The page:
FIBEX and the NI-XNET Database Editor Overview


This document covers the basics of FIBEX and the NI-XNET Database Editor for CAN and FlexRay networks.


Why Databases?

Databases are the tool of choice to manage embedded networks. Although it is possible (and supported) in principle to run a network without a database, using a database is highly recommended to have a consistent set of network parameters for all nodes in the network. This is especially true for FlexRay, where you need to set up about 30 parameters consistently to get a running network.

Additionally, a database can manage the contents of the data exchanged over the network. You can store frames and signals running on the network in a database as well as information about which ECU is transmitting or receiving which data. This information also is needed for each node in the network.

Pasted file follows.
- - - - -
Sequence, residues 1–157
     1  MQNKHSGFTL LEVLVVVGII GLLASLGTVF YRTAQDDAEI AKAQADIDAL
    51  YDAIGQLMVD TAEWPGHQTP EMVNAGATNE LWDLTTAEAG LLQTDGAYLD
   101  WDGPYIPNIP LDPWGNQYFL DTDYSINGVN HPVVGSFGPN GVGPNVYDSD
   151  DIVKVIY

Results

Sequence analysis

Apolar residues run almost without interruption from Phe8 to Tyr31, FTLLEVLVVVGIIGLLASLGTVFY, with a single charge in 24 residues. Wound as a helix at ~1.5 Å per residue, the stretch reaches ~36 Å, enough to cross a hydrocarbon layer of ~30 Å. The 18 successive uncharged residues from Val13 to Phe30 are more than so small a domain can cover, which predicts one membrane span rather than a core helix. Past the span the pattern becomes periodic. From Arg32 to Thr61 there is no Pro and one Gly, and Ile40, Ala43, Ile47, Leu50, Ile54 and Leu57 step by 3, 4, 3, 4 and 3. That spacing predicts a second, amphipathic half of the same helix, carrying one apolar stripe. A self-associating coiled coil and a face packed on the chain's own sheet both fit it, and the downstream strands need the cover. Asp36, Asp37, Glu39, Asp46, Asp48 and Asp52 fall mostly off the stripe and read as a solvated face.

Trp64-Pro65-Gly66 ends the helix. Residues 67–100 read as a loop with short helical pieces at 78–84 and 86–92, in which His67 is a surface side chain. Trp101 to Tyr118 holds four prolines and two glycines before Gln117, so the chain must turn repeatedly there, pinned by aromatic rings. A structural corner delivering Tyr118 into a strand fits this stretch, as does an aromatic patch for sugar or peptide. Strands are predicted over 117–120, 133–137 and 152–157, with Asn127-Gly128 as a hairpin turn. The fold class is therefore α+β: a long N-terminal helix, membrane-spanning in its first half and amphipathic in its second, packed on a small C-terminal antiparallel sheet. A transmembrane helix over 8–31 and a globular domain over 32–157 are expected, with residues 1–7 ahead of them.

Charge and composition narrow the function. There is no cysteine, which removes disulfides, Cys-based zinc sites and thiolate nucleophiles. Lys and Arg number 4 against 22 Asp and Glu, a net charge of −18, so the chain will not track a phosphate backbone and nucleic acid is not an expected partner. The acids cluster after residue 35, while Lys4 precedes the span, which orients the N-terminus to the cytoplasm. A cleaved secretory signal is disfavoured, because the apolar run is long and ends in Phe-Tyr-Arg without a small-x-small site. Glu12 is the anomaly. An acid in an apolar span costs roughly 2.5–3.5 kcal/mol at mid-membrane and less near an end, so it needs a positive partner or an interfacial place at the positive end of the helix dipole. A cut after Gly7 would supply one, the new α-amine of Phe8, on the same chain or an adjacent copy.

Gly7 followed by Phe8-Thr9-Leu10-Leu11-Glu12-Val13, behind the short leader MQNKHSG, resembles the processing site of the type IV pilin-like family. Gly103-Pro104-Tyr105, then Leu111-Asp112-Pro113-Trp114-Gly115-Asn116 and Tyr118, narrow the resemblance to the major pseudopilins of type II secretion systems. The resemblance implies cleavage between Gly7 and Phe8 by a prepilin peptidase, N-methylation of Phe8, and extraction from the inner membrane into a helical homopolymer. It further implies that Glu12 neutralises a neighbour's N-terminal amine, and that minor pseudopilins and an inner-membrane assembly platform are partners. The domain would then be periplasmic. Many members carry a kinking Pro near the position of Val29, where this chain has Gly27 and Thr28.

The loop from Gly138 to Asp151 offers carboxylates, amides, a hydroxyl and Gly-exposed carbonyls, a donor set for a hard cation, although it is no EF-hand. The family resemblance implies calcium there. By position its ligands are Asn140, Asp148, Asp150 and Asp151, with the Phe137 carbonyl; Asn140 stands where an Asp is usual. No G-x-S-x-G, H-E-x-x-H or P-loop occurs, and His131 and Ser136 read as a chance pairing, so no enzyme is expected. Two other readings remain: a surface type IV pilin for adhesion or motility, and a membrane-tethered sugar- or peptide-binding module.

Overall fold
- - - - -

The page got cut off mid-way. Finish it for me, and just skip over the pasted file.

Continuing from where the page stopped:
The FIeld Bus EXchange (FIBEX) format, an XML-based standardized file format defined by the ASAM consortium, is used for describing automotive networks. The FIBEX database format is compatible with many different automotive protocols, making it a flexible standard. FIBEX is emerging as the de facto standard for the definition of FlexRay networks and is seeing rapid adoption for CAN networks. FIBEX databases are typically generated by vehicle network designers and shared with engineers working on a particular aspect of the vehicle. With a FIBEX file and an NI-XNET interface, you can easily interact with a vehicle network without having to manually configure interfaces and signal definitions. 

FIBEX contains many aspects for a particular network, including the following: 

  • Transmit and receive schedules
  • Frame definitions
  • Signal definitions
  • Bit-level encoding of signals
  • Network topology
  • ECU information
  • Network configurations, including baud rates and timings

NI-XNET Database Editor